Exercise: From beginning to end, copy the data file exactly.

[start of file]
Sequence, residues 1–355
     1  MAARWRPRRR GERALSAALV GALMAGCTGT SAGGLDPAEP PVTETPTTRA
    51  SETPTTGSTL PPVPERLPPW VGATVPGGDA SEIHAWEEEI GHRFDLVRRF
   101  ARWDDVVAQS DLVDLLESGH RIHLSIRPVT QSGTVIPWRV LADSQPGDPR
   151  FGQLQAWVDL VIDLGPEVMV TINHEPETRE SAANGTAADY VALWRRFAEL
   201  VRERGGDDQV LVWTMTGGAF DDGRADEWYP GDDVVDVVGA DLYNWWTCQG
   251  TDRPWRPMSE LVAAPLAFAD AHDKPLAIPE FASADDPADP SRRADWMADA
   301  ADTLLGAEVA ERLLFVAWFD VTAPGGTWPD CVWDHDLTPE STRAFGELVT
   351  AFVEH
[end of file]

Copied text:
Sequence, residues 1–355
     1  MAARWRPRRR GERALSAALV GALMAGCTGT SAGGLDPAEP PVTETPTTRA
    51  SETPTTGSTL PPVPERLPPW VGATVPGGDA SEIHAWEEEI GHRFDLVRRF
   101  ARWDDVVAQS DLVDLLESGH RIHLSIRPVT QSGTVIPWRV LADSQPGDPR
   151  FGQLQAWVDL VIDLGPEVMV TINHEPETRE SAANGTAADY VALWRRFAEL
   201  VRERGGDDQV LVWTMTGGAF DDGRADEWYP GDDVVDVVGA DLYNWWTCQG
   251  TDRPWRPMSE LVAAPLAFAD AHDKPLAIPE FASADDPADP SRRADWMADA
   301  ADTLLGAEVA ERLLFVAWFD VTAPGGTWPD CVWDHDLTPE STRAFGELVT
   351  AFVEH